This paper draws on lessons from Rwanda’s 12+ programme, a nonformal life skills programme for adolescent girls. Examining potential links between pedagogical practices and the programme’s impacts on adolescent girl participants, it enquires into lessons that may be learned for both formal and nonformal schooling.
The development of life skills has been increasingly recognised in formal and non-formal education programmes as critical to enabling young people to flourish. Recent competency-based curricular reform reflects a growing consensus on the importance of developing a combination of socio-emotional, cognitive and practical skills to overcome contemporary social, environmental, and economic global challenges.
This paper examines the pedagogical practices that develop such skills by drawing on lessons from Rwanda’s 12+ programme, a non-formal life skills programme for adolescent girls.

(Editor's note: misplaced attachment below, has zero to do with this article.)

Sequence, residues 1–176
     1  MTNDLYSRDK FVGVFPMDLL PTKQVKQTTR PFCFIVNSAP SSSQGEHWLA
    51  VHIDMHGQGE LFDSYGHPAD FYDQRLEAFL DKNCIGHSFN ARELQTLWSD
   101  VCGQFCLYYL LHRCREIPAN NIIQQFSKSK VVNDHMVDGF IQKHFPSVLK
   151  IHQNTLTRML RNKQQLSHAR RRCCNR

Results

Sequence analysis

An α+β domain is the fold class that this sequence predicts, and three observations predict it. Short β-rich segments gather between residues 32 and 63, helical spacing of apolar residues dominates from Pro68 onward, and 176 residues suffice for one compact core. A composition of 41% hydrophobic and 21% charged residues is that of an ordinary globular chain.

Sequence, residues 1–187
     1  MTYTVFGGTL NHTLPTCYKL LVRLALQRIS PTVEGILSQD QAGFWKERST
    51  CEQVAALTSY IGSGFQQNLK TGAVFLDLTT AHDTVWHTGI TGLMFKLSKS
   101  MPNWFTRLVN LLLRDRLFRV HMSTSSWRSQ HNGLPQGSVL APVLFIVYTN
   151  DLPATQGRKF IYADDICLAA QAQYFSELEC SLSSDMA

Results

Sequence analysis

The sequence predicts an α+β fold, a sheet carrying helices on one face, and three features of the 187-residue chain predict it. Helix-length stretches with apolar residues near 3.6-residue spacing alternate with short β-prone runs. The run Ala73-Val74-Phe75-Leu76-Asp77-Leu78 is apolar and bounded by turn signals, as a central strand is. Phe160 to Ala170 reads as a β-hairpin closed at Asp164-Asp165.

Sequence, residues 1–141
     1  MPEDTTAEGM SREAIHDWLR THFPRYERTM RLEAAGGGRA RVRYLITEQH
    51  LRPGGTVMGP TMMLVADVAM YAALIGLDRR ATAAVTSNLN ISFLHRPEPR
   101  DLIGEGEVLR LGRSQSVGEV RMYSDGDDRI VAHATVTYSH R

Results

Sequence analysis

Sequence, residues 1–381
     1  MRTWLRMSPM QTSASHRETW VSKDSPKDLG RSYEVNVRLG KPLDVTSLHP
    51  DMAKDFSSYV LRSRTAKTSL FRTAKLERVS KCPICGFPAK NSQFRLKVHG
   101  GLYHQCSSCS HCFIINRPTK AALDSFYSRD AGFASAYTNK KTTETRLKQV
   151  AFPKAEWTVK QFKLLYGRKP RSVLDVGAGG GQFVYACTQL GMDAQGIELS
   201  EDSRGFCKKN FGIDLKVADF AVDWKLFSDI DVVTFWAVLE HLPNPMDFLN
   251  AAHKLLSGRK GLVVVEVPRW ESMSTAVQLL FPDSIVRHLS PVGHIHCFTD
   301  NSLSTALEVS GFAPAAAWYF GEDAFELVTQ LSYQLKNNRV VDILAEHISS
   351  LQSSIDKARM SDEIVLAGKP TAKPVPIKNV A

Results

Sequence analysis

These ingredients of effective life skills led to the development of adolescent girls’ skills, knowledge, and attitudes.
Teacher education and ongoing professional development should focus on strengthening teachers’ capacity to use learner-centred, interactive methods, and to foster positive social relationships with and amongst learners.
Authors: Sophia D’Angelo, Rachel Marcus and Ernest Ngabo
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